ease in Egypt. The prevalence of acute HCV in both gen-
ders is controversial. While some studies showed higher
HCV incidence among men (17–18, 21), other population-
based surveys (7, 27) showed slightly higher rates in women
Acute Hepatitis C1285
Modes of Transmission: Changing
Patterns in the West and East
Several modes of transmission of HCV are well documented
and widely accepted; others are less well defined and require
HCV transmission differ between developed and developing
countries. Socioeconomic differences are likely to explain
much of the geographic variability.
BLOOD TRANSFUSION. Percutaneous inoculation via
transfusion is very efficient in transmitting HCV infection.
Transfusion-associated cases occurred prior to routine donor
screening in blood banks with second and third generation
enzyme immunoassays, a procedure that resulted in a sharp
decline in transfusion-associated HCV transmission (28). As
of 2001, the risk of HCV infection from a unit of transfused
blood is less than one per million transfused units. However,
the risk of HCV transmission through blood has not been
fully eliminated in some developing countries that lack the
resources to implement adequate donor screening and con-
tinue to use commercial donors to supplement their blood
supplies (29). In such countries, blood transfusion still ac-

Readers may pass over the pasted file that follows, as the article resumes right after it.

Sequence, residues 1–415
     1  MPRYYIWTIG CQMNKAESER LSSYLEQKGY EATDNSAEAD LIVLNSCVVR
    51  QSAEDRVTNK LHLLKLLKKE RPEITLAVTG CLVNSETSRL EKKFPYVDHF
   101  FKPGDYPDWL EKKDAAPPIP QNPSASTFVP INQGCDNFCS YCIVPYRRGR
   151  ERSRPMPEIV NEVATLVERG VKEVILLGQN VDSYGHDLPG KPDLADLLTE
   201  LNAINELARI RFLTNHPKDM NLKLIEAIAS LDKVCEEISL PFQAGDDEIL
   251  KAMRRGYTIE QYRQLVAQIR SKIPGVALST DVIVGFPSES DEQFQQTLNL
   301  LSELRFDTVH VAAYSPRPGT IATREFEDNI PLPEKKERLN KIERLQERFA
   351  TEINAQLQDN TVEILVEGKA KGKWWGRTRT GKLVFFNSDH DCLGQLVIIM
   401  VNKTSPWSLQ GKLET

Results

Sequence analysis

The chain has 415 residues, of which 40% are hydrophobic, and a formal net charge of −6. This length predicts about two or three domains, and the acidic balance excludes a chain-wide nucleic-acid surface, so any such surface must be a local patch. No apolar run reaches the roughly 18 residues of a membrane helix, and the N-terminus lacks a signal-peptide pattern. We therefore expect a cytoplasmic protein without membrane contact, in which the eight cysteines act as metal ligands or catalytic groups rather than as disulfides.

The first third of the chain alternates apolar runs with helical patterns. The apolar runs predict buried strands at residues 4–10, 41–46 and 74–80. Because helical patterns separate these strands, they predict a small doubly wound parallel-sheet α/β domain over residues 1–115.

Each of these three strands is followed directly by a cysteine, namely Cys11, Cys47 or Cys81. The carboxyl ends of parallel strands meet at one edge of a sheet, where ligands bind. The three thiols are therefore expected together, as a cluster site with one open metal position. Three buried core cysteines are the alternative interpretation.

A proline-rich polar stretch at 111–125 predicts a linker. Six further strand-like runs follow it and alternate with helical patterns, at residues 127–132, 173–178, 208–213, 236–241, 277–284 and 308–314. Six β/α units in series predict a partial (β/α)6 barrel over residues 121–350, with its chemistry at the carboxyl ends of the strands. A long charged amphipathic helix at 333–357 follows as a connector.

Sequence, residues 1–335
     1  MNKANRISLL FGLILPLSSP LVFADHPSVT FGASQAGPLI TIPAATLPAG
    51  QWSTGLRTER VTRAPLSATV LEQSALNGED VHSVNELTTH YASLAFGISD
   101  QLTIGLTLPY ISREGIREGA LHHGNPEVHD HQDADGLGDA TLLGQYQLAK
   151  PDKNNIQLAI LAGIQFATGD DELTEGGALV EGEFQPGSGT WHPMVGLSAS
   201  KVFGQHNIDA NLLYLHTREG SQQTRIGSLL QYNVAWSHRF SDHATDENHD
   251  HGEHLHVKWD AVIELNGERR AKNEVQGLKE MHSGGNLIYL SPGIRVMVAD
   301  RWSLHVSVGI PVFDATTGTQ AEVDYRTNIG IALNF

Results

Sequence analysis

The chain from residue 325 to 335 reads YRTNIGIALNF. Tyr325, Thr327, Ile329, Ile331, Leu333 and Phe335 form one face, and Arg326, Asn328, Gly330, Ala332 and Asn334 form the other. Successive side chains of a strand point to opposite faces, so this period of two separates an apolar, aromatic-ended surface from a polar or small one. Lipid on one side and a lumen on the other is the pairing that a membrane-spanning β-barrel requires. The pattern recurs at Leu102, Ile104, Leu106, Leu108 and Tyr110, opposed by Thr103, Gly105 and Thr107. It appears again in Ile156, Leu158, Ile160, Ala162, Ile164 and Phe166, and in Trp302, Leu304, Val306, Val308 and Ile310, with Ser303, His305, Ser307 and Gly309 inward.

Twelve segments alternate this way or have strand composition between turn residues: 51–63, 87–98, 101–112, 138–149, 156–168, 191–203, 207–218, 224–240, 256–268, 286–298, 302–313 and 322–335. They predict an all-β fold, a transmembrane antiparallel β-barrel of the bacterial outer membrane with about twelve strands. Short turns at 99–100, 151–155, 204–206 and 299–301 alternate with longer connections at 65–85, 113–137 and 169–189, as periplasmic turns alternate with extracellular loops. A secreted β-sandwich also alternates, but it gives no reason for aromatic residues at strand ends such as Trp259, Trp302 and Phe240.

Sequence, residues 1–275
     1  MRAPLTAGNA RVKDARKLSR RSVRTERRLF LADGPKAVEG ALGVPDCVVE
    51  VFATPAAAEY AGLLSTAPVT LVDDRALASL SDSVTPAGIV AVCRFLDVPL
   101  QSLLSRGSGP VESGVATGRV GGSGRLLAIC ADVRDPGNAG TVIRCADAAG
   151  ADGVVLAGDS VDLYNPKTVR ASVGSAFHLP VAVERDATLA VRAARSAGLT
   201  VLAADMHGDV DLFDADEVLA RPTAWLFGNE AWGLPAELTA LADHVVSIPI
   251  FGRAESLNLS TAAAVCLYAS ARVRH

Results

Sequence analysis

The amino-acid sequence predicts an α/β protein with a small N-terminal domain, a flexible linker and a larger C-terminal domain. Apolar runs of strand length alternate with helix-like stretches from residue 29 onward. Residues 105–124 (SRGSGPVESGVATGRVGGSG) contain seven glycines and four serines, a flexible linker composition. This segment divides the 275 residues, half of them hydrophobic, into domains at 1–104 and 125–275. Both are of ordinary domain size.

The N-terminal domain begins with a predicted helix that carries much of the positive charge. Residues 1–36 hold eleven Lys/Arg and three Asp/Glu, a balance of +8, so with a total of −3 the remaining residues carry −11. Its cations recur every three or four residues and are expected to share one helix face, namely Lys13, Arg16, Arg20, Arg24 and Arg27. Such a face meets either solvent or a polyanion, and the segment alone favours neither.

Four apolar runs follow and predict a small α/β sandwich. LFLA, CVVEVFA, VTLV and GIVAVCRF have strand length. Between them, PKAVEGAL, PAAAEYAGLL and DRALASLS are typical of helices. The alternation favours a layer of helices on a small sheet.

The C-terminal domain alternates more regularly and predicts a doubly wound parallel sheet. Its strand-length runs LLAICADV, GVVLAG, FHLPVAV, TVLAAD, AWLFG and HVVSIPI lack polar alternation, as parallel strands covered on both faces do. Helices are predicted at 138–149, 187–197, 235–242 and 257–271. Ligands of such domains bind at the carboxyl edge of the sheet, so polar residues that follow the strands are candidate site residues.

counts for some percentage of acute HCV cases.
INJECTING DRUG USERS. The number of cases of acute
hepatitis C among injection drug users has recently declined
mentation of harm reduction policies, syringe exchange pro-
grams, counseling of injecting drug users (IDUs) regarding
Figure 1. Sources of acute hepatitis C infection by geographic region.
protection from infection, and changing injecting behavior
(30, 31). However, both incidence and prevalence of HCV
infection remain high among new young drug injectors (19,
32, 33) since IDU is recognized as the risk factor in about
55% of the acute HCV cases reported in developed countries
and in developing and transitional countries with high IDU
prevalence such as Eastern Europe and Central and South
Asia (34). Lower prevalence rates of IDU are reported from
the Middle East and Africa (34) where IDU does not rep-
resent the major risk factor for acute HCV. Engagement in
unsafe injection practices such as syringe sharing, sharing of